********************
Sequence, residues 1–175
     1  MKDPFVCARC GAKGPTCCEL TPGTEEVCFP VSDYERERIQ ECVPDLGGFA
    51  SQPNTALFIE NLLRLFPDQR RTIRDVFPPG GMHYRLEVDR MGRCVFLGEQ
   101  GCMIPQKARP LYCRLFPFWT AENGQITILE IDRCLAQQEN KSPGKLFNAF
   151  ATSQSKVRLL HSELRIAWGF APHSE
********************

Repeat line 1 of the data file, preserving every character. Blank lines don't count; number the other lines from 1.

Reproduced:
Sequence, residues 1–175